Life doesn't in any sense "fly in the face" of the Second Law.  The Second Law of Thermodynamics describes what happens in a closed system -- a system in which neither energy nor matter crosses the boundaries.  Your organized, self-sustaining complexity would break down pretty damn fast if I turned you into a closed system.  The fact is, what the Second Law says is that you can decrease entropy locally and temporarily if you meet two conditions: (1) there is a constant input of energy, and (2) the entropy decrease in the system is exceeded by the entropy increase somewhere else.  For example, you have grown from a simple single cell into a highly complex multicellular organism by having a continuous input of energy from your food, but your extraction of that energy has disordered those food molecules completely -- far more than any increase in order in your body.

As my long-ago thermodynamics professor put it: "The First Law of Thermodynamics says you can't win.  The Second Law says you can't break even, either."

I may seem to be overreacting, here, but this is one of the most common things I see on sites devoted to pseudoscientific "proof" that evolution is incorrect.  The creation of ordered living things from a disorderly primordial soup, they say, is prohibited by the Second Law, so requires an Intelligent Designer.  It's the same misunderstanding; complex macromolecules, and later cells, could be formed abiotically because there's a continuous energy source (the Sun).  Turn that off, and things grind to a halt fast.

So my frustration here is that someone who is a trained scientist and an internationally-known writer should not be misrepresenting scientific law.  Especially this one; the First and Second Laws of Thermodynamics are some of the most extensively tested models in all of science, and there has never been a single exception found to either one.  This is why patent applications for perpetual motion machines are thrown away by the United States Patent Office without review.

The Laws of Thermodynamics are strictly enforced in all jurisdictions.

Anyhow, that's today's annoyed rant.  I probably should lighten up, or at least direct my ire toward other more deserving targets.  Heaven knows there are enough of them in our own government.  But really, if you can't count on the scientists to represent things correctly, who can you count on?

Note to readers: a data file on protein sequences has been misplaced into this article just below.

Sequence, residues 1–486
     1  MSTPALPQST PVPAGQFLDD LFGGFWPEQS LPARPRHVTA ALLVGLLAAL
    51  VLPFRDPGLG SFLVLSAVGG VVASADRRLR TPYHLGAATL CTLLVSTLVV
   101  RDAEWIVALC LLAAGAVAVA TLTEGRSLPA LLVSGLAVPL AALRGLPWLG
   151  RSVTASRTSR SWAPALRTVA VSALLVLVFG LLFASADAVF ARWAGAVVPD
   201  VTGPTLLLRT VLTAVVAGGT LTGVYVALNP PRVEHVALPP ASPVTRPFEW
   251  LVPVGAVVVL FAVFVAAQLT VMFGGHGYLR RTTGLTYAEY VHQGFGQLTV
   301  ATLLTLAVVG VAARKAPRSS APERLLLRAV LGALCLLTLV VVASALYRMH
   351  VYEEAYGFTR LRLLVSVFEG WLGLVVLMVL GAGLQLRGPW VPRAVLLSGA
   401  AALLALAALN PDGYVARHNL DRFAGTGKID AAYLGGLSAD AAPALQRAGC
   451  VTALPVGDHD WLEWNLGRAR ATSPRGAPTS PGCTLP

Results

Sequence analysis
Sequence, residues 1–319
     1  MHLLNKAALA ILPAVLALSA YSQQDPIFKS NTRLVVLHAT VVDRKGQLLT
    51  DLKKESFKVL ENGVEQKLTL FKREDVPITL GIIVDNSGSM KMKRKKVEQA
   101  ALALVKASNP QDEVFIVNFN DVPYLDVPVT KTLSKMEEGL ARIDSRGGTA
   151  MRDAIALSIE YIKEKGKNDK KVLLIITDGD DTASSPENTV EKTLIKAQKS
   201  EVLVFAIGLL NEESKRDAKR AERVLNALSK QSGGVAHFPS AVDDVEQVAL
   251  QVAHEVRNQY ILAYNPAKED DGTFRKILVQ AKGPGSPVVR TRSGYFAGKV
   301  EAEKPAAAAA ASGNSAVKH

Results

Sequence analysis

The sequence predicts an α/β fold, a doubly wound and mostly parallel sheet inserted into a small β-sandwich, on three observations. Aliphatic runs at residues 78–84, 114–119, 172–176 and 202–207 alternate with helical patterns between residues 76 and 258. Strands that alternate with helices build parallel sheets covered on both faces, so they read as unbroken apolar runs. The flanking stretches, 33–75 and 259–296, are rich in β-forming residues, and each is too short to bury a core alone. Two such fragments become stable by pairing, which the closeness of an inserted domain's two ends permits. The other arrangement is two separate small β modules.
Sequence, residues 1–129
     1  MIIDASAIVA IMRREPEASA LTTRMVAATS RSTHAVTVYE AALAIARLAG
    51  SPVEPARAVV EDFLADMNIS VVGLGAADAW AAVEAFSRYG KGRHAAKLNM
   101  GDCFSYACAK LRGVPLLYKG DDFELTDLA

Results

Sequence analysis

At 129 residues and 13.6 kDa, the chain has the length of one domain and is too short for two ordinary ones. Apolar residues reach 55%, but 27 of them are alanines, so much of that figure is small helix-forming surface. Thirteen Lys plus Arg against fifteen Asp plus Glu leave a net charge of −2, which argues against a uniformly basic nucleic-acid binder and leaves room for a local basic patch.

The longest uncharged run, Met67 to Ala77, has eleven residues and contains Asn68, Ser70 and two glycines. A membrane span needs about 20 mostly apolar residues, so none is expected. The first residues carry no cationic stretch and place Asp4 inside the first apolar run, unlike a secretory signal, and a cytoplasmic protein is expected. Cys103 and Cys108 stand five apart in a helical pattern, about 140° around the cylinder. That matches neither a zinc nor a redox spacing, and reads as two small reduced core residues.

Humans have a morbid fascination with things that are big and powerful and can kill you.  Look at the number of movies made and books written about tornadoes, hurricanes, earthquakes, and volcanoes, not to mention hordes of predatory dinosaurs picking people off the streets.  But in the "horrifically dangerous" category, nothing can beat black holes -- collapsed stars with a gravitational field so strong not even light can escape.  If you fell into one of these things, you'd get "spaghettified" -- stretched by tidal forces into a long, thin streamer of goo -- and every trace of you would be destroyed so thoroughly that they'd not even be theoretically possible to retrieve.

Add to that the fact that because light can't escape them, you can't even see them.  Kind of makes a pack of velociraptors seem tame by comparison, doesn't it?

So no wonder there are astrophysicists who have devoted their lives to studying these beasts.  One of these is Shep Doeleman, whose determination to understand the strangest objects in the universe is the subject of Seth Fletcher's wonderful book Einstein's Shadow: A Black Hole, a Band of Astronomers, and the Quest to See the Unseeable.  It's not comfortable reading -- when you realize how completely insignificant we are on the scale of the universe, it's considerably humbling -- but it'll leave you in awe of how magnificent, how strange, and how beautiful the cosmos is, and amaze you that the human brain is capable of comprehending it.

[If you purchase the book from Amazon using the image/link below, part of the proceeds goes to supporting Skeptophilia!]